Anna is growing her hair out.
It is not very long yet, it barely touches her shoulders, but she wants to put it up for tonight’s going out, and she has asked her granddaughter to lend her a spare comb or a barrette. John is taking her to see a performance at the Odeon Theatre, the same play they saw on their first anniversary some forty years ago.
On the bedroom dresser, there is a photograph of them in front of the same theater, taken when the theater was new and they were young. Anna wears a black dress patterned with small leaves. Her hair is up. John, straight as an arrow, seems very much aware of what a handsome couple they make. The photograph is black-and-white when no one looks closely at it. It is full of color and noise, however, if one stares at it for a few moments.
John’s eyes are bright blue, the little leaves on Anna’s dress are green, and her hair shines, dark brown with some red brought out by daily rinsing with hibiscus brew. Ancient looking motorcars rattle the cobbles of the pavement, the roasted chestnuts merchant cries over his wares, and Anna’s laughter can be heard clearly over the din.
John is already dressed and is waiting in the living room, reading today’s paper, which he had saved for that purpose. He is not allowed into the bedroom until Anna calls him; she has a surprise for him. She is going to wear the very same dress she wore back then.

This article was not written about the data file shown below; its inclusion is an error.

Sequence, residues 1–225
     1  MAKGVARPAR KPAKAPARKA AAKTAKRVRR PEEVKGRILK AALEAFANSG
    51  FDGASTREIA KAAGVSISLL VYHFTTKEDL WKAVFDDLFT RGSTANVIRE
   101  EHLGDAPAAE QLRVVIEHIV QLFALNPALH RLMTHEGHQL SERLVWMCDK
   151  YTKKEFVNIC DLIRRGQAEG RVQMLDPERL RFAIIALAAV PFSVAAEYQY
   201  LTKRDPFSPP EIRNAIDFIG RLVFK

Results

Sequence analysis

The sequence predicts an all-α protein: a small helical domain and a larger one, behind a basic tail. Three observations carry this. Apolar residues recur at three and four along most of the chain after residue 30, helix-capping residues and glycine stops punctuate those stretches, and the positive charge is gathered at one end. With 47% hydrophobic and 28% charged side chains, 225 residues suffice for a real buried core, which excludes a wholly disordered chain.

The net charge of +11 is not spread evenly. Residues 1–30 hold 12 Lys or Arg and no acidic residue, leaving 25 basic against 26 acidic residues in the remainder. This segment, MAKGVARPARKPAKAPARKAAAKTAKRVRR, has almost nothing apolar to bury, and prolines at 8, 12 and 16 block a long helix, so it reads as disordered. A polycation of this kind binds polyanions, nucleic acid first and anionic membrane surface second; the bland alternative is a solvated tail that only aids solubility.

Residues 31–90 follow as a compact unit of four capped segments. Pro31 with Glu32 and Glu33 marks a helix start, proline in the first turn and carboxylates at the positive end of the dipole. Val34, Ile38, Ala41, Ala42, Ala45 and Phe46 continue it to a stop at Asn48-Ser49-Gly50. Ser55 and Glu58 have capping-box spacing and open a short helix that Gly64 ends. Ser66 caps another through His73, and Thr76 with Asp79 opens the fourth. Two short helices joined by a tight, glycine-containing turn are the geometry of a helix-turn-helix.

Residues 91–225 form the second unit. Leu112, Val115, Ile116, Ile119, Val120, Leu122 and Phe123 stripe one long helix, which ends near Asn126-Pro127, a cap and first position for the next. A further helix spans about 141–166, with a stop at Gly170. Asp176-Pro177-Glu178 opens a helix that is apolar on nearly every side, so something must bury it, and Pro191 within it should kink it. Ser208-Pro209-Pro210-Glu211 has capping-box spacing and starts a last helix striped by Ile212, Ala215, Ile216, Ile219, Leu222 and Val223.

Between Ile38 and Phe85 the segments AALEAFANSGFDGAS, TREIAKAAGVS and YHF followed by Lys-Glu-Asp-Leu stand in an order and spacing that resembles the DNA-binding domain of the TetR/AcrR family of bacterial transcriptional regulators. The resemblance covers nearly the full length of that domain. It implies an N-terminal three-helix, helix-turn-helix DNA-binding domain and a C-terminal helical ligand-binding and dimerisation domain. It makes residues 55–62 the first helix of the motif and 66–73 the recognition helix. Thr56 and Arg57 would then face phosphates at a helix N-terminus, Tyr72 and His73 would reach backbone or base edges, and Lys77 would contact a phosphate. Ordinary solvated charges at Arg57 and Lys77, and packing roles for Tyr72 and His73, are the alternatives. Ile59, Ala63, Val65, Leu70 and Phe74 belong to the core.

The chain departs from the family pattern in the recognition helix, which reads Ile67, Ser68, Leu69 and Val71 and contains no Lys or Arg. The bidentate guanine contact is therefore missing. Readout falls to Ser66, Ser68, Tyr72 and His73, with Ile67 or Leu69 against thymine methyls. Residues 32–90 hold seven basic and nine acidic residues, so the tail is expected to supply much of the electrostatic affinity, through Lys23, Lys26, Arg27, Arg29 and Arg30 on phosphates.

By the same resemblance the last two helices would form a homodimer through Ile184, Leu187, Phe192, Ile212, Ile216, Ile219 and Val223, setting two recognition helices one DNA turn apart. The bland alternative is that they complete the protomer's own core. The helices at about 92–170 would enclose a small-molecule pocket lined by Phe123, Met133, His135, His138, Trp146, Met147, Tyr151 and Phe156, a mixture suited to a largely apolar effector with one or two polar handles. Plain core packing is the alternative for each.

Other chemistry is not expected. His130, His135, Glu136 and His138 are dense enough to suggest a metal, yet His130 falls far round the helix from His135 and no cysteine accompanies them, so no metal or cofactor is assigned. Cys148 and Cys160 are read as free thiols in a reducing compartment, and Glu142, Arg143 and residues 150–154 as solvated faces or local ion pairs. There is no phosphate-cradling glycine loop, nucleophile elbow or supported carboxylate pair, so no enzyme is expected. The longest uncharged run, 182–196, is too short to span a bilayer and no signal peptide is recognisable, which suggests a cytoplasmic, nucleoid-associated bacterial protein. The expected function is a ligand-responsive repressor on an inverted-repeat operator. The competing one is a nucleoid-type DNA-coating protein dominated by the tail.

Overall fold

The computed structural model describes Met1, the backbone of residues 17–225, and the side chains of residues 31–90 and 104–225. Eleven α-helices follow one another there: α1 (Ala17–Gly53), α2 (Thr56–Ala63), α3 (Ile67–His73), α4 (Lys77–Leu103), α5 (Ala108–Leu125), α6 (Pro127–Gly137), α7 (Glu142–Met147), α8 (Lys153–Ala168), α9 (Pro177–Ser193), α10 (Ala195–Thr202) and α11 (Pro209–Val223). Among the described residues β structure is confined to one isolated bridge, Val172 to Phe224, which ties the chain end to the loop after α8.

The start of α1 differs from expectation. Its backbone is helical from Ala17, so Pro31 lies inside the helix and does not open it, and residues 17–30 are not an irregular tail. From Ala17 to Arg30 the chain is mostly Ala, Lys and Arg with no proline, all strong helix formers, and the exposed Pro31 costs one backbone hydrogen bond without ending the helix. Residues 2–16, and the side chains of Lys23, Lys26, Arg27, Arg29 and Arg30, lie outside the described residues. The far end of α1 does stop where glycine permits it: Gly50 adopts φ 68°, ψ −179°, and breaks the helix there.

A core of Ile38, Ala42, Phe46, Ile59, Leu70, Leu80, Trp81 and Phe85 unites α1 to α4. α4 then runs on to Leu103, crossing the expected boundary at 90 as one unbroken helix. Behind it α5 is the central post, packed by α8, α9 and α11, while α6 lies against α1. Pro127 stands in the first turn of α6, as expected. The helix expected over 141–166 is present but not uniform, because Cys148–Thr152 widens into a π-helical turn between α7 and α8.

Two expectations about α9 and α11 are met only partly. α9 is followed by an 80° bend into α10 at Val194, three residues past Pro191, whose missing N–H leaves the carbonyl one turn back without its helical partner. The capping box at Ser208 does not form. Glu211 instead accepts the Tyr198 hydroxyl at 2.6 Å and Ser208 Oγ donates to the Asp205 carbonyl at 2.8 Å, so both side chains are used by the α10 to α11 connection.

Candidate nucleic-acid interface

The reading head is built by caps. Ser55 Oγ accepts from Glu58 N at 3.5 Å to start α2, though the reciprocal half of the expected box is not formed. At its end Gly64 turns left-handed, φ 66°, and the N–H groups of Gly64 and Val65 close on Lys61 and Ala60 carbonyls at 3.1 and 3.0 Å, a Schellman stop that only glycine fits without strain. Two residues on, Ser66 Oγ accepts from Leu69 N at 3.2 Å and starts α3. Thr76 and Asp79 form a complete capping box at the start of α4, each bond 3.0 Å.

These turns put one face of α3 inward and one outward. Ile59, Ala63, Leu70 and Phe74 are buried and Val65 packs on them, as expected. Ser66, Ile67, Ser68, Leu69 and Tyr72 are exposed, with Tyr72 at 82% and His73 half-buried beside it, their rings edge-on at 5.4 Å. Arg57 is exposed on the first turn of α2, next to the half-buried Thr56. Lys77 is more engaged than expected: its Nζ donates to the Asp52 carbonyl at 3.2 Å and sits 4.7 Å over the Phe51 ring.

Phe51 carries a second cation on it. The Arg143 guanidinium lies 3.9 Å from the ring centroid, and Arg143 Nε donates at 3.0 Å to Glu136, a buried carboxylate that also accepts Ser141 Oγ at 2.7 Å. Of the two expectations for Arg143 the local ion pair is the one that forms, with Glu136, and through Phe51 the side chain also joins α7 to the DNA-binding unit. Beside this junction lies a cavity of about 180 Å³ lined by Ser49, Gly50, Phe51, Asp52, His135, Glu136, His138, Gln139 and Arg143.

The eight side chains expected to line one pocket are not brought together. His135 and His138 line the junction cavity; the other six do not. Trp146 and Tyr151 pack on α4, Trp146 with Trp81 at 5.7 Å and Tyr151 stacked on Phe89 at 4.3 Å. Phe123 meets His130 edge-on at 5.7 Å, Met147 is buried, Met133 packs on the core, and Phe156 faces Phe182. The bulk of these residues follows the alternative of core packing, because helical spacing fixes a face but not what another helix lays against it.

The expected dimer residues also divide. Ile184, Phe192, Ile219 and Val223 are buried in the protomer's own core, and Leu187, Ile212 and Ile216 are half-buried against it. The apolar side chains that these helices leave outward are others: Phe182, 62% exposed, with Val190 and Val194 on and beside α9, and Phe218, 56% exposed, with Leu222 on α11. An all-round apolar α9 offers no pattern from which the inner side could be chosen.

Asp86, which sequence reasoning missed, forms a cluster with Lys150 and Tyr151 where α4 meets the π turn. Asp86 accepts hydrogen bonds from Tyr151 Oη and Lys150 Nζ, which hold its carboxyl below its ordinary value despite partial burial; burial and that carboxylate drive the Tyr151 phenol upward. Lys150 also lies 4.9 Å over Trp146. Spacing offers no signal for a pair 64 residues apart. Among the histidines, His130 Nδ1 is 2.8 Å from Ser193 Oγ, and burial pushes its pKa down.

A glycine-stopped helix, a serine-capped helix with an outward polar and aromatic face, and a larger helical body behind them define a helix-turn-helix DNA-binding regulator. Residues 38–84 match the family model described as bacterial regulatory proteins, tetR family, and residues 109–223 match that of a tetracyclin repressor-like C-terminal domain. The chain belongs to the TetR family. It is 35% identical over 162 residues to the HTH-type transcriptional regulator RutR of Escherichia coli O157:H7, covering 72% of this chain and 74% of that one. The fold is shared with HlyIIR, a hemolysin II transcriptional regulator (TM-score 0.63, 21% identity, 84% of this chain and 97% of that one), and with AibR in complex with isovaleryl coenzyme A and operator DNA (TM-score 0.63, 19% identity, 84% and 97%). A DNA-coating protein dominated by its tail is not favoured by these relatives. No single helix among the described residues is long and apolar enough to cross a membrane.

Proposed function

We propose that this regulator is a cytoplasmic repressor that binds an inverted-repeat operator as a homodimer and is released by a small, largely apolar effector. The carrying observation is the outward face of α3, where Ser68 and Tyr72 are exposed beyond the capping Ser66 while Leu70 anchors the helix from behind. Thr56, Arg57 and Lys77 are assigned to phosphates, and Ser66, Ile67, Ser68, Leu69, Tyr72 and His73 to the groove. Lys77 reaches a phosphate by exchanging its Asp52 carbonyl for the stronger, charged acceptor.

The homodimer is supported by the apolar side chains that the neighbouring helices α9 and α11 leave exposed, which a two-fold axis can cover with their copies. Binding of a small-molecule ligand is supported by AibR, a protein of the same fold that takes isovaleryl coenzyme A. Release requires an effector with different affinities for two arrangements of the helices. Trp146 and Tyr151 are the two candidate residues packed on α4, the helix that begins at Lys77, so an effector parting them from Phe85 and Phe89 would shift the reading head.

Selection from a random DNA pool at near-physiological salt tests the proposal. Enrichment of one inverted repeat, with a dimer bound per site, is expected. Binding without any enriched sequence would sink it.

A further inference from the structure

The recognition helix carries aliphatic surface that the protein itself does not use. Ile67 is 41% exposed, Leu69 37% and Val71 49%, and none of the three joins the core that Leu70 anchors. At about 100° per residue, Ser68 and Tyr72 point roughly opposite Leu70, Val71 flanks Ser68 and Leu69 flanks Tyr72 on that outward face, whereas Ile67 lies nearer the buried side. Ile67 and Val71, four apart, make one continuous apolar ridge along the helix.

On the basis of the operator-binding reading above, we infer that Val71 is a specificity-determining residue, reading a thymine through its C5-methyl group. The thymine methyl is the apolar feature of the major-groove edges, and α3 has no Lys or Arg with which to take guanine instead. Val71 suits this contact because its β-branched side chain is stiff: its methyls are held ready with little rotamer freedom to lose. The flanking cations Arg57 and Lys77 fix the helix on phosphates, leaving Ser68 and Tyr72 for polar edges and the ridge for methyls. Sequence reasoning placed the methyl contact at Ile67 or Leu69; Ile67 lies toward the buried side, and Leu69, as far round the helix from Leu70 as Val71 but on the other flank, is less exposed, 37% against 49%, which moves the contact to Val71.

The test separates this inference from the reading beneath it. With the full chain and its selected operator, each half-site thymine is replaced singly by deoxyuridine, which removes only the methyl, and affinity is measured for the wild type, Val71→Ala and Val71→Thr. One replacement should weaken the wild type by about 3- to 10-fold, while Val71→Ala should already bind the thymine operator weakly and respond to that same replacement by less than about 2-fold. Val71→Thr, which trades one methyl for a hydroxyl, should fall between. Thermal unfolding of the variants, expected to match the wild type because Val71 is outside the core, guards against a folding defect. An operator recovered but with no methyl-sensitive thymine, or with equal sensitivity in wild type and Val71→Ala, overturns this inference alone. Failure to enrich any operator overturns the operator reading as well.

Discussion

They both have kept most of the good clothes they have ever owned—the quality of the materials is just not the same anymore—so she has on the black dress patterned with pale green leaves. The dress had needed only a slight alternation around the waist, and the silk hugs Anna’s figure quite nicely.
Anna turns to one side and studies her profile in the mirror. She doesn’t like her elbows and tries to cover them with the sleeves, but they are too short for that. The combs and barrettes her granddaughter brought are spread out on the dresser. Among the cheap plastic ones, there are two that may work. One is made of silver wire. It has a large twirl in the middle and two smaller ones on both sides. The other is enamel-covered copper, dark green and glossy. It is shaped like a dragonfly. Anna reaches for it. It will go well with her dress and with her half-gray, half-brown hair.